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Monday, November 28, 2011

Paul Krugman: Things to tax

The supercommittee was a superdud — and we should be glad. Nonetheless, at some point we’ll have to rein in budget deficits. And when we do, here’s a thought: How about making increased revenue an important part of the deal?

And I don’t just mean a return to Clinton-era tax rates. Why should 1990s taxes be considered the outer limit of revenue collection? Think about it: The long-run budget outlook has darkened, which means that some hard choices must be made. Why should those choices only involve spending cuts? Why not also push some taxes above their levels in the 1990s?

Let me suggest two areas in which it would make a lot of sense to raise taxes in earnest, not just return them to pre-Bush levels: taxes on very high incomes and taxes on financial transactions.

About those high incomes: In my last column I suggested that the very rich, who have had huge income gains over the last 30 years, should pay more in taxes. I got many responses from readers, with a common theme being that this was silly, that even confiscatory taxes on the wealthy couldn’t possibly raise enough money to matter.

Folks, you’re living in the past. Once upon a time America was a middle-class nation, in which the super-elite’s income was no big deal. But that was another country.

The I.R.S. reports that in 2007, that is, before the economic crisis, the top 0.1 percent of taxpayers — roughly speaking, people with annual incomes over $2 million — had a combined income of more than a trillion dollars. That’s a lot of money, and it wouldn’t be hard to devise taxes that would raise a significant amount of revenue from those super-high-income individuals.
Read the rest here.

Large scale redistribution of wealth has never lead anywhere other than into the economic gutter. 

10 comments:

Ps-Iosifson said...

Well, our real long-term debt crisis began when we stopped taxing the rich and corporations fairly - thus goosing the economy and overbuilding the financial services sector.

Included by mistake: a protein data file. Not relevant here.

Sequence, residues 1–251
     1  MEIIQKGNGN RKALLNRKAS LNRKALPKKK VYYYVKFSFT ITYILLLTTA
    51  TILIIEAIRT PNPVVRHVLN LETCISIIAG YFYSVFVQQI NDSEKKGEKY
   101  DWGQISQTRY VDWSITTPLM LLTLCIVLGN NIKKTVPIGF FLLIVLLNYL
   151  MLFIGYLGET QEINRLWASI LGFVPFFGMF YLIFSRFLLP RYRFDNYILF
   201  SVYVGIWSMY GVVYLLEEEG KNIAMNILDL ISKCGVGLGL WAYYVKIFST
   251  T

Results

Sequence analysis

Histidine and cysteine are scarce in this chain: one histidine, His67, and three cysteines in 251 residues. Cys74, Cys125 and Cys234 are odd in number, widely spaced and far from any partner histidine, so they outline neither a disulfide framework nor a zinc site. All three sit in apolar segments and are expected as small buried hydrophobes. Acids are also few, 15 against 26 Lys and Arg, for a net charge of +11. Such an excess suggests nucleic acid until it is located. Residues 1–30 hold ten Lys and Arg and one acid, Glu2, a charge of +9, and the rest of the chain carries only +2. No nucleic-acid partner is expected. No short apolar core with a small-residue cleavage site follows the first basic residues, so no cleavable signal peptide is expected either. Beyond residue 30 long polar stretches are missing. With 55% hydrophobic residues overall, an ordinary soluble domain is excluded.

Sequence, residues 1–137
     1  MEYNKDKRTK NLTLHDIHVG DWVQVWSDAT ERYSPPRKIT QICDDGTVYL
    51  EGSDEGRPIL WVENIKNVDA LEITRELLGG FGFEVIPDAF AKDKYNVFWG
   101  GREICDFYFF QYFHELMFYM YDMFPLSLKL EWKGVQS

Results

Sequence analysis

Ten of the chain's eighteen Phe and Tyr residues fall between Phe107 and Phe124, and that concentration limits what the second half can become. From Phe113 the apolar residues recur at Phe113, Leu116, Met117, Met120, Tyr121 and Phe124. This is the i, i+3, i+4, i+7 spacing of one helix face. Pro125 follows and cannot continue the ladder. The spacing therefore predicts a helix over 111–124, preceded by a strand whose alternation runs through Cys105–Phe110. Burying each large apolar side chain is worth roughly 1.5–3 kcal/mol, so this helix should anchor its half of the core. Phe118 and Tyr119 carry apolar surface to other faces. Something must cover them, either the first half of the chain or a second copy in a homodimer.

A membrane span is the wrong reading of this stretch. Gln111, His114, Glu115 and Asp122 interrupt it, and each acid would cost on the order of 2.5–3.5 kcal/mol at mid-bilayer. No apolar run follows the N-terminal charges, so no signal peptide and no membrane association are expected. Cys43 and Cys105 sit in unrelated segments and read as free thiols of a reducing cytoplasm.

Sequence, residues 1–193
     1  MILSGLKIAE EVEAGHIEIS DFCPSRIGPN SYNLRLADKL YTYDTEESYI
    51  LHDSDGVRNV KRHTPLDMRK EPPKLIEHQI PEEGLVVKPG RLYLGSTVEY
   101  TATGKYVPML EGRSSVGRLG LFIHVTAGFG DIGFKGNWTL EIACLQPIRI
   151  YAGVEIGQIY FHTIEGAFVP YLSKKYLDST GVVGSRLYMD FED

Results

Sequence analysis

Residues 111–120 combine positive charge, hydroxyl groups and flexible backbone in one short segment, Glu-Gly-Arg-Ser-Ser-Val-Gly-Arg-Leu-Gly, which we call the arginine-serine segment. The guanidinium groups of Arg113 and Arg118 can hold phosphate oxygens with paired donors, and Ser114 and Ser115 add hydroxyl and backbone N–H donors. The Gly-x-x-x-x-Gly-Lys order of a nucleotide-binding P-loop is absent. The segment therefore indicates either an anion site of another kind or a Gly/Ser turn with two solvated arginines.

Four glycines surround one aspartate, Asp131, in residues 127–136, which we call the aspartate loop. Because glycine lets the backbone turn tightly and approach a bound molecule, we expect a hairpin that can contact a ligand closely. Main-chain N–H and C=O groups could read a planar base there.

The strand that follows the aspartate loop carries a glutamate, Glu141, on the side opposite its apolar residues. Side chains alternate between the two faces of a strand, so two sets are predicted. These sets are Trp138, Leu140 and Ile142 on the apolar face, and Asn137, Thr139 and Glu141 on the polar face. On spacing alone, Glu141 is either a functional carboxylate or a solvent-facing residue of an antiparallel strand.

What's being talked about is also not redistribution of wealth, it's called progressive taxation. Actually, it's sort of the potluck theory of society: we all bring what we can (some more, some less), but we all eat (regardless of how much we brought).

In addition, a recent analysis from the nonpartisan Tax Policy Center "points out that before the 1981 tax cuts there used to be a larger number of tax brackets, with a number of brackets well above the current 35 percent maximum. And it asks how much revenue would be raised if those above-35% brackets were still in place; that’s quite close to the question of how much money might be raised through higher taxes on the very rich.

Their answer is that in 2007 the higher brackets would have raised an additional $78 billion, or a bit over half a percent of GDP. By the way, that estimate takes into account the likely “elasticity of taxable income”, i.e., the disappearance of some income from the tax rolls either through reduced actual earnings or through avoidance.

So, what I did was to apply that revenue as a percent of GDP to CBO projections of GDP over the next decade. And what this says is that going back to pre-Reagan-type higher-income taxation would yield about $1.1 trillion over the next decade.

That would not by itself close the budget gap– but as I’ve been saying, no one thing would. And, you know, $1.1 trillion here, $1.1 trillion there, and soon you’re talking about real money."

Anonymous said...

Lol. The us has the lowest tax burden among industrial nations - one reason perhaps we are trending to 2nd world status.

The Anti-Gnostic said...

And what this says is that going back to pre-Reagan-type higher-income taxation would yield about $1.1 trillion over the next decade.